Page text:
Album Review of
Every Sunday Night
Stew Cutler

Written by Mark Gallo
August 7, 2017 - 12:00am EDT
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Stew Cutler’s name may not ring a bell, but this is a guitar player who has been around the proverbial block many times. Equally at home in r&b, blues and jazz, he has accompanied the likes of Percy Sledge, Wilson Pickett, Fontella Bass and Earl King. One of his first jobs as a sideman was with ZZ Hill. He toured Europe with Queen Esther Marrow and the Harlem Gospel Singers and has worked with David Sanborn, Lester Bowie, Charlie Hunter, Bill Frisell and Jimmy Dale Gilmore. It doesn’t get any more diversified than that. As the title suggests he now has a regular gig at Arthur’s Tavern, nestled in New York’s Greenwich Village.

The friends along for the ride are Bobby Harden on vocals, JT Bowen on vocals on one song, Bill McClelland on drums, Nick Semrad on organ, Jullian Pollack on organ on a pair of songs, and Chulo Gatewood on bass. The music captured here is live in the studio, as the tavern was not available for the recording. Regardless, it’s the music that matters and the music here is a sampler of Cutler’s many musical hats. Opening with the original, “The Grind,” the guitarist reminds of Roy Buchanan. His mastery of the instrument is showcased here with forays into the upper stratosphere of the fretboard. On the follow up, “Gumbo Trane,” also an original, he quotes lines that vaguely call Coltrane to mind couched in New Orleans funk. The funk wins out over the Trane.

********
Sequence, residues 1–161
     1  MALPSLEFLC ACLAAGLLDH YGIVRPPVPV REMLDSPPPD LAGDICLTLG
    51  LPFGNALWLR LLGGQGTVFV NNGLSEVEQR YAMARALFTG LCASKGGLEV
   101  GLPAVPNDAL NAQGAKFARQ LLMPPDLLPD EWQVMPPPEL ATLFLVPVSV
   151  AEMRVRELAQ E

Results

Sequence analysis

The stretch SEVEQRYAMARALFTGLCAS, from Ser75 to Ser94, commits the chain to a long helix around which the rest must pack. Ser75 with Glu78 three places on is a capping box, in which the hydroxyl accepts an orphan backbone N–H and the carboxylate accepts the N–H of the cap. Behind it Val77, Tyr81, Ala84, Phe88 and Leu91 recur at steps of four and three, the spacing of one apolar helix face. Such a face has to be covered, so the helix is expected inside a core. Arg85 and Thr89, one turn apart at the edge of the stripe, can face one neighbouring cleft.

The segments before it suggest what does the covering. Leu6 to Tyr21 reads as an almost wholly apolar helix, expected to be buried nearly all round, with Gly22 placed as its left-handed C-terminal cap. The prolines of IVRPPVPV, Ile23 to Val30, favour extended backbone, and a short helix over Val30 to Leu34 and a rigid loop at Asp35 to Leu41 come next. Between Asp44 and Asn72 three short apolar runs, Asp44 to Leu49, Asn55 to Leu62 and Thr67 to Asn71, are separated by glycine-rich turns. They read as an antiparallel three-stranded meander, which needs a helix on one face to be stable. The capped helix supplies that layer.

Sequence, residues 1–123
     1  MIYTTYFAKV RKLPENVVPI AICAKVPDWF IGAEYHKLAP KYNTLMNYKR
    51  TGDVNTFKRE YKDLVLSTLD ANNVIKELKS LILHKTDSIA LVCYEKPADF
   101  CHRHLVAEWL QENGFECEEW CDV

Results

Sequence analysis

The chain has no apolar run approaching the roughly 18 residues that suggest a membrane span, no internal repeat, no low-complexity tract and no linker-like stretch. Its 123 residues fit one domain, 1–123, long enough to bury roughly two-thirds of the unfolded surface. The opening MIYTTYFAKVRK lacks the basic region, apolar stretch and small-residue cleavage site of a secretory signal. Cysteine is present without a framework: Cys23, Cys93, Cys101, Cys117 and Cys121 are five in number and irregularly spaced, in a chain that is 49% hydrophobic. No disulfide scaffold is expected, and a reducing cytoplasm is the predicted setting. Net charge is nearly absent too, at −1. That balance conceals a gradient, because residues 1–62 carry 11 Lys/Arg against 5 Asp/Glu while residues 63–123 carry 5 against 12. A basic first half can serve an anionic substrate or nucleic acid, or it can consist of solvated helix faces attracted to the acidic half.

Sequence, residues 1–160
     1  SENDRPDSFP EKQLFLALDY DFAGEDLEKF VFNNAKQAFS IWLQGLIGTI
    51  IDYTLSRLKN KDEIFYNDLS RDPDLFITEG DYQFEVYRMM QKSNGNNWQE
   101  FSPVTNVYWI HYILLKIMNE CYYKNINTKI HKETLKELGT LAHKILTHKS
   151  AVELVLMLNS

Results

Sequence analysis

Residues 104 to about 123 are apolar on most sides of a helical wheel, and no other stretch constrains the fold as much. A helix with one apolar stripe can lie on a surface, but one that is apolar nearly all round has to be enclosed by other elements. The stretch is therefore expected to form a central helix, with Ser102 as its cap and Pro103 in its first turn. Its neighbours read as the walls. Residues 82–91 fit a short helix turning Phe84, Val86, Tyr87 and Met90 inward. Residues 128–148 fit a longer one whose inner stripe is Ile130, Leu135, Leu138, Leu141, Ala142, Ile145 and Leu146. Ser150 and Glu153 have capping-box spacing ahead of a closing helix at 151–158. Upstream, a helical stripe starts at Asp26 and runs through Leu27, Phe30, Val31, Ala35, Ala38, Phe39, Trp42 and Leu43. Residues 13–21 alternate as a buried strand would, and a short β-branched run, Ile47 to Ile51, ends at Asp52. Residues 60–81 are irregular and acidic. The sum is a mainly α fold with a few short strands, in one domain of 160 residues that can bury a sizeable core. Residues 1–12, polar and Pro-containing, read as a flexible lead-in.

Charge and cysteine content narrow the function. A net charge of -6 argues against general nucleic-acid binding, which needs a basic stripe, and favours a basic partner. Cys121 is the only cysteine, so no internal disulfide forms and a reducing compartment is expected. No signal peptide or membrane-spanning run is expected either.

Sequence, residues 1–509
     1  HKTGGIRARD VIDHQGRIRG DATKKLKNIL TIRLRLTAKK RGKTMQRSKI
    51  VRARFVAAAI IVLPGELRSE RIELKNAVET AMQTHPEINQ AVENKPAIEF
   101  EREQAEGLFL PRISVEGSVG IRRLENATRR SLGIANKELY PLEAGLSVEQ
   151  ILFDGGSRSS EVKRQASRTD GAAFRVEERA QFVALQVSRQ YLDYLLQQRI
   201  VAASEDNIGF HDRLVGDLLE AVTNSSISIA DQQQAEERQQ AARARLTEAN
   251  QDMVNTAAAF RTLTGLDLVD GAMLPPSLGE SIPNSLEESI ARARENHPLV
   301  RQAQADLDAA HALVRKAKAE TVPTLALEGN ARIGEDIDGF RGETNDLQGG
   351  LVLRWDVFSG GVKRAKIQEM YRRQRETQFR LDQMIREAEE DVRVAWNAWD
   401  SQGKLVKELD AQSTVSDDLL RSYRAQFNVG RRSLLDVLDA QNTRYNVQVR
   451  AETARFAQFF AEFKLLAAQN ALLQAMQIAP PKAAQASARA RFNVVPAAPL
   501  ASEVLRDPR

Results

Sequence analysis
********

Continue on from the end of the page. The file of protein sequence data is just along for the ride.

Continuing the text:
“Before I Go” features powerful vocalist Bobby Harden, who is even more effective on their version of the Allman Brothers classic “Not My Cross To Bear.” A strong vocalist, he captures the essence of Gregg Allman’s original, with Cutler approximating the Duane Allman guitar parts with his own unique spin. Semran’s organ and McClelland’s drumming stand out, as well. Harden sits out for the take on Sam & Dave’s “When Something Is Wrong With My Baby, on which JT Bowen more than aptly takes the lead vocal. The organ is prominent here and Cutler’s solo is breathtaking. Following a spirited lampoon of the “TV Preacher”, comes the sizzling intrumental, “Miss D,” on which everyone shines. The closer, Hop Wilson’s “Black Cat Moan,” is not much more than a one minute soundbyte that showcases Cutler cutting loose.

This is apparently Stew Cutler’s sixth album as a leader. His name is new to this writer and this writer has just become a serious fan.